Grievance dismissed due to lack of medical evidence
A customer and sales agent at Air Canada in Winnipeg lost her fight against a suspension pending discharge matter after repeated absences from work.
Referred to only as SA, the grievor had worked for Air Canada on and off since 1998, being laid off and recalled several times. She had also more recently gained employment at another government department, and wished to keep both jobs.
In November of 2013, SA received a recall notice from Air Canada.
She informed management she had booked a cruise for the first two weeks of January and was told it would not be a problem, provided she could arrange shift trades or allot vacation time.
However, on Dec. 29 — the day before her scheduled cruise departure — SA informed Air Canada she could not work due to sick leave, and while she provided a medical note for a three-day leave, she followed up with an email saying the leave was to be extended until Jan. 13.
That also happened to be the day she was scheduled to return from her cruise.
Not surprisingly, the company brought its suspicions to SA. Numerous attempts to obtain her medical records were unsuccessful but, after some more digging on the employer’s part, it was discovered that while the woman had claimed to be too sick to work for Air Canada, she had in fact been working for her other employer.
When pressed on the matter, SA said her condition made her uncomfortable when dealing with the public, whereas her other job did not involve such interactions. As such, Air Canada offered her temporary accommodation upon her return to work.
The employee declined, saying she would return to work pending her doctor’s approval. Again, when pressed for documentation, SA waffled and none was presented.
The issue came to a head in March, when Air Canada ordered a suspension pending discharge.
On SA’s behalf, Unifor Local 2002 filed a grievance. Various stressors in her life — including the passing of her brother in the summer of 2013 and the breakdown of a relationship in December that same year — contributed to her inability to provide medical documentation in a timely manner.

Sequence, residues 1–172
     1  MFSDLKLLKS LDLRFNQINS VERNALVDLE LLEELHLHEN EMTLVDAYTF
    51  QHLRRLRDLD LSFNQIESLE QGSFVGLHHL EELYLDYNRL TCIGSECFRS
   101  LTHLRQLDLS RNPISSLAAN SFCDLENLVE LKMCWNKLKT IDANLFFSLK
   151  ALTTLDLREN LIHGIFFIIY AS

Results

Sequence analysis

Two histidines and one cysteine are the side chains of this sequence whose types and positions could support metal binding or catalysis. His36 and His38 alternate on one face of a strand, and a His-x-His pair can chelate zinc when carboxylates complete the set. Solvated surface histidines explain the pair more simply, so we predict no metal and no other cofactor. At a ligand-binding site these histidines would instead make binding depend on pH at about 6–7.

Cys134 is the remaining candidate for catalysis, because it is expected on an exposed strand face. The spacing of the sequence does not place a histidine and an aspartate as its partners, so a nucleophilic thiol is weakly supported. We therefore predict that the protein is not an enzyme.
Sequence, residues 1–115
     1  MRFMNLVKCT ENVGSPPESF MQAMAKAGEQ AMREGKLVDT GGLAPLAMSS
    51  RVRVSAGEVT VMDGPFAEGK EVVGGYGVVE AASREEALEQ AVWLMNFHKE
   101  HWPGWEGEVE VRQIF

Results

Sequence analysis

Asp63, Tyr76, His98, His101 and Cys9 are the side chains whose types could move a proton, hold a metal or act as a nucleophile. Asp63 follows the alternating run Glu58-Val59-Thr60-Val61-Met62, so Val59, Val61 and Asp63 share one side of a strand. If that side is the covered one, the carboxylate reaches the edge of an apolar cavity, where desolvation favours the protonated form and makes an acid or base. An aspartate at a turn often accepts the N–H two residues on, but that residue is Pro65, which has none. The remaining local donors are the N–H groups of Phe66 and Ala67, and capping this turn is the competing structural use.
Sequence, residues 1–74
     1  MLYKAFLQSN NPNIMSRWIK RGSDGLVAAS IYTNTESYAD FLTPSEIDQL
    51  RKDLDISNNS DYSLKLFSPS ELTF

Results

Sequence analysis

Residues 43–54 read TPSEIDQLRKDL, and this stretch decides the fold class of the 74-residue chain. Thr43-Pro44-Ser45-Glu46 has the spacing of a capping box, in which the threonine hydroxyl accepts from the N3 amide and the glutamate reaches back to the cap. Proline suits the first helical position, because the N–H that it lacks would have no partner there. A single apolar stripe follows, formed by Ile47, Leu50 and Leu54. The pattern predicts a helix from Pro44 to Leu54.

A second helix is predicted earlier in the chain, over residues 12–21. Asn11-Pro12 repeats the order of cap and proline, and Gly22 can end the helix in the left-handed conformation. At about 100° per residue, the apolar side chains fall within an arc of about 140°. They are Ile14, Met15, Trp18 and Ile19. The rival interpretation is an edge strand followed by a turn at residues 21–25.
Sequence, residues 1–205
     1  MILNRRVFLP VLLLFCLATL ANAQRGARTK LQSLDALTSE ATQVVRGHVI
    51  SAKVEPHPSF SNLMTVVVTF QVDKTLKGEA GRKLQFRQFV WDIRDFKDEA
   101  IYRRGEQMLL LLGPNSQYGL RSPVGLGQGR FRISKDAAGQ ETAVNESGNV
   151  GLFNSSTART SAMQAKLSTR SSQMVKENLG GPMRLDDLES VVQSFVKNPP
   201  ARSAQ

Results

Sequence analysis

Further, Unifor revealed she did indeed take the cruise but she thought it would combat her depression.
Air Canada, on the other hand, argued SA’s ability to maintain full-time employment elsewhere, even after she was offered temporary accommodation, was indicative of her inconsistency.
"She is clearly focused on her alternative employment and has not fulfilled her basic employment obligations at Air Canada," the company’s counsel argued.
In his decision, arbitrator James Hayes looked first at the credibility of SA and, secondly, at the adequacy of the medical information provided.
On the initial issue, Hayes concluded SA actively misled not only her employer but her union as well, as the fact that she did go on the cruise came out only during the hearing itself.
Further, while it is not always easy to obtain medical information, given the timeline and persistent requests, Hayes said SA had more than enough time to co-operate had she genuinely wished to do so.
Even at the hearing, all of the medical notation alluded to in her arguments could not be presented.
"If there is any possible medical explanation for her prolonged deceit, none was even suggested," his decision read.
"Nor has there been any medical explanation as to how it is that the grievor may work full-time for someone else, but not at all for Air Canada. All we have are the grievor’s assertions, a grievor who, unfortunately, has shown that she lacks credibility."
As such, the grievance was dismissed.
Reference: Air Canada and Unifor Local 2002. James Hayes — arbitrator Kevin Pavelack for the employer, Cheryl
Robinson for the union. June 16, 2014.